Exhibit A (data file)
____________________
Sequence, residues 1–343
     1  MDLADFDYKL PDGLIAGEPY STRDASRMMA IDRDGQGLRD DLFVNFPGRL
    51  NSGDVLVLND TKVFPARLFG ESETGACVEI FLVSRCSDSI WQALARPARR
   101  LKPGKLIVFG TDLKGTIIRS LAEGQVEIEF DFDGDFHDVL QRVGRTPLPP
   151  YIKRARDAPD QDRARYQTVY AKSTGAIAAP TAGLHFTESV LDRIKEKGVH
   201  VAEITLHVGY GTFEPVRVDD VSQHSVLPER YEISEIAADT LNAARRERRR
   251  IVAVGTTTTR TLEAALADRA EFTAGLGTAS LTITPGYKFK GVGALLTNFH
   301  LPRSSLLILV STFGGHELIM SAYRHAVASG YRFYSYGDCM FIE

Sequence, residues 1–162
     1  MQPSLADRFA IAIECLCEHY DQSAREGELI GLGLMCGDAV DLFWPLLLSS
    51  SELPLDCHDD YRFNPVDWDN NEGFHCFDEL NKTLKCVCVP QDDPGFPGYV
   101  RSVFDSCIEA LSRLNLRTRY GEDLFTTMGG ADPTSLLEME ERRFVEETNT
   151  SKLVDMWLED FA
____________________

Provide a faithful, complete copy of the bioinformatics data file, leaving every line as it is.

Sequence, residues 1–343
     1  MDLADFDYKL PDGLIAGEPY STRDASRMMA IDRDGQGLRD DLFVNFPGRL
    51  NSGDVLVLND TKVFPARLFG ESETGACVEI FLVSRCSDSI WQALARPARR
   101  LKPGKLIVFG TDLKGTIIRS LAEGQVEIEF DFDGDFHDVL QRVGRTPLPP
   151  YIKRARDAPD QDRARYQTVY AKSTGAIAAP TAGLHFTESV LDRIKEKGVH
   201  VAEITLHVGY GTFEPVRVDD VSQHSVLPER YEISEIAADT LNAARRERRR
   251  IVAVGTTTTR TLEAALADRA EFTAGLGTAS LTITPGYKFK GVGALLTNFH
   301  LPRSSLLILV STFGGHELIM SAYRHAVASG YRFYSYGDCM FIE

Sequence, residues 1–162
     1  MQPSLADRFA IAIECLCEHY DQSAREGELI GLGLMCGDAV DLFWPLLLSS
    51  SELPLDCHDD YRFNPVDWDN NEGFHCFDEL NKTLKCVCVP QDDPGFPGYV
   101  RSVFDSCIEA LSRLNLRTRY GEDLFTTMGG ADPTSLLEME ERRFVEETNT
   151  SKLVDMWLED FA